- When you pull the bag out, the meat is ready to serve as is. You can add any extra barbecue sauce or some other kind of finishing sauce if you wish. The brilliant thing about storing meat in a vacuum sealed bag is that it doesn’t lose any moisture while it’s sitting in the fridge or freezer.
3. Reheating your Pulled Pork in the Microwave
If you’re short on time, or you only have a microwave, you can totally use this method to reheat your pulled pork.
Well, it’s not my top method, it still works well!
It is best to use a ceramic or microwavable glass container. Especially if you aren’t sure if you’ve got a safe microwavable plastic container.
- Place the pulled pork in a microwavable container and put it in the microwave. Set to medium-low heat and cook for one minute at a time.
- Repeat this process until the internal temperature of the pulled pork is at 165℉.
- If the meat is drying out, add some leftover sauce or a little bit of water before placing it back in the microwave.
4. Using Your Oven to Reheat Your Pork
This method is perfect for people who like to set a timer and just leave their food to alone until they hear the timer ring. This method isn’t for me, I like to closely monitor my meat.
One thing I do like about reheating pulled pork in the oven also ensures that there’s an even distribution of heat.
- Set the oven temperature to 250℉ and leave it to preheat.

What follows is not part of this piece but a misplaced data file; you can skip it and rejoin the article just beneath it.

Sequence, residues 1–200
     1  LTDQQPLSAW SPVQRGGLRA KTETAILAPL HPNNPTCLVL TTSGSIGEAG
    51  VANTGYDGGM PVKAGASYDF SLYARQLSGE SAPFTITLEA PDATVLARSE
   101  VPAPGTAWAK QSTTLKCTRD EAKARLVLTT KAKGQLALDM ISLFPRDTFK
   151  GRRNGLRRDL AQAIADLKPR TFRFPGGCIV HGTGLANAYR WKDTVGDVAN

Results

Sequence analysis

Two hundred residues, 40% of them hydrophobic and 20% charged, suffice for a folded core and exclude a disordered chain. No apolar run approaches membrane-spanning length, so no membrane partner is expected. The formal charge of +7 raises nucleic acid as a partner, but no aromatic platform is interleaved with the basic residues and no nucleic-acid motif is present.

- Place the leftover pulled pork in a ceramic container, drizzle on any leftover juices and cover it with a lid or foil.
- Leave it to bake in the oven until the internal temperature of the meat reaches 165℉.
- Take it out of the oven. Separate some of the meat with a fork and add some sauce over it. Now it’s ready to serve.
5. Using a Slow Cooker to Reheat Pulled Pork
If you have a couple of hours on hand, then you can use a slow cooker to reheat your pulled pork. You might think that allocating a couple of hours for reheating may seem a little extreme.
But using a slow cooker to prepare leftover pulled pork will result in tasty and juicy meat.
- Place the leftover pulled pork in your slow cooker.
- Pour any suitable sauce on top of the shredded meat.
- Set your slow cooker to the warm setting.
- Leave it alone for around two to four hours.
- Check to make sure that the internal temperature of the meat is around 165℉ before you serve it.
6. Steaming Your Pulled Pork
It is important that you save any leftover sauce with your pulled pork if you plan on steaming it when you reheat it.